Bulletin 79-12: Short Period Scrams at BWR Facilities
NUCLEAR REGULATORY COMMISSION
OFFICE OF INSPECTION AND ENFORCEMENT
WASHINGTON, D.C. 20555
May 31, 1979
IE Bulletin No. 79-12
SHORT PERIOD SCRAMS AT BWR FACILITIES
Reactor scrams, resulting from periods of less than 5 seconds, have occurred
recently at three BWR facilities. In each case the scram was caused by high
flux detected by the IRM neutron monitors during an approach to critical.
These events are similar in most respects to events which were previously
described by IE Circular 7707 (copy enclosed).
Description of Circumstances:
The following is a brief account of each event.
1. Oyster Creek - On December 14, 1978, the reactor experienced a scram as
control rods were being withdrawn for approach to critical, following
a scram from full power which had occurred about 15 hours earlier. The
moderator temperature was 380 degrees F and the reactor pressure was
190 psig. Because of the high xenon concentration the operators had
not made an accurate estimate of the critical rod pattern. The
operator at the controls was using the SRM count rate, which had
changed only slightly, (425 to 450 cps) to guide the approach. Control
rod 10-43 (first rod in Group 9) was being withdrawn in "notch
override" to notch position 10, when the reactor became critical on an
estimated 2.8 second period. The operator was attempting to reinsert
the rod when the scram occurred. Failure of the "emergency rod in"
switch to maintain contact due to a bent switch stop, apparently
contributed to the problem.
2. Browns Ferry Unit 1 - On January 81, 1979, the reactor experienced a
scram during the initial approach to critical following refueling. The
operator was continuously withdrawing in notch override" the first
control rod in Group 3 (a high worth rod) because the SRM count rate
had led him to believe that the reactor was very subcritical. A short
reactor period, estimated at 5 seconds, was experienced. The operator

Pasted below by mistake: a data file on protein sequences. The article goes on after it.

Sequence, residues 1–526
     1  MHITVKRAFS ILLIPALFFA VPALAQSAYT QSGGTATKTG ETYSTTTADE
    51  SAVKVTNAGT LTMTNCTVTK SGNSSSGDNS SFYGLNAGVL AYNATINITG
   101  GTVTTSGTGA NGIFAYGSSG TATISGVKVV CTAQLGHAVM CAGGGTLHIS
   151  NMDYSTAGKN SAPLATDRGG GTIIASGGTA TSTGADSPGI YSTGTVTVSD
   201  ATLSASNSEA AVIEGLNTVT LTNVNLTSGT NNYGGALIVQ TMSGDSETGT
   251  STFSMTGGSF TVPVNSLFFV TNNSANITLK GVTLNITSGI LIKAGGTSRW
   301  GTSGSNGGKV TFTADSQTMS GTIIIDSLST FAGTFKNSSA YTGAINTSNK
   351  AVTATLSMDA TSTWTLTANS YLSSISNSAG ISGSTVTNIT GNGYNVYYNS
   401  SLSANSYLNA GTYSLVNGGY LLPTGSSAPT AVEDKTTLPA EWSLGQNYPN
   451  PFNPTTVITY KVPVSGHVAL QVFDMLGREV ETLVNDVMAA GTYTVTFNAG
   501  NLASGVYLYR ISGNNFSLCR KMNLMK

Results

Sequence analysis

was attempting to reinsert control rods when the scram occurred.
IE Bulletin No. 79-12 May 31, 1979
Page 2 of 3
3. Hatch Unit 1 - On January 31, 1979, the reactor experienced a scram
during an approach to critical. Control rod 42-15 (fifth rod in Group
3) was being continuously withdrawn in "notch override" when the scram
occurred, with a period of less then 5 seconds. The temperature was
about 200 degrees F with effectively zero xenon.
As indicated above, these short period trips occurred under a wide variety
of circumstances. They did have several things in common, however. In none
of these cases was an accurate estimate of the critical position made prior
to the approach to critical. In each case a rod was being pulled in a high
worth region. Finally, in each case the operator, believing that the reactor
was very subcritical, was pulling a rod on continuous withdrawal.
Action to be Taken by Licensees:
For all GE BWR power reactor facilities with an operating license:
1. Review and revise, as necessary, your operating procedures to ensure
that an estimate of the critical rod pattern be made prior to each
approach to critical. The method of estimating critical rod patterns
should take into account all important reactivity variables (e.g., core
xenon, moderator temperature, etc.).
2. Where inaccuracies in critical rod pattern estimates are anticipated
due to unusual conditions, such as high xenon, procedures should
require that notch-step withdrawal be used well before the estimated
critical position is reached and all SRM channel indicators are
monitored so as to permit selection of the most significant data.
3. Review and evaluate your control rod withdrawal sequences to assure
that they minimize the notch worth of individual control rods,
especially those withdrawn immediately at the point of criticality.
Your review should ensure that the following related criteria are also
a. Special rod sequences should be considered for peak xenon
b. Provide cautions to the operators on situations which can result
in high notch worth (e,g. first rod in a new group will usually
exhibit high rod worth).
4. Review and evaluate the operability of your "emergency rod in" switch
to perform its function under prolonged severe use.
IE Bulletin No. 79-12 May 31, 1979
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5. Provide a description of how your reactor operator training program
covers the considerations above (i.e., items 1 thru 3).
6. Within 60 calendar days of the date of issue of this Bulletin, report
in writing to the Director of the appropriate NRC Regional Office,
describing your action(s) taken, or to be taken, in response to each of
the above items. A.copy of your report should be sent to the United
States Nuclear Regulatory Commission, Office of Inspection and
Enforcement, Division of Reactor Operations Inspection, Washington,
For all BWR facilities with a construction permit and all other power
reactor facilities with an operating license or construction permit, this
Bulletin is for information only and no written response is required.
Approved by GAO B180225 (R0072); clearance expires 7/31/80. Approval was
given under a blanket clearance specifically for identified generic
1. IE Circular No. 77-07
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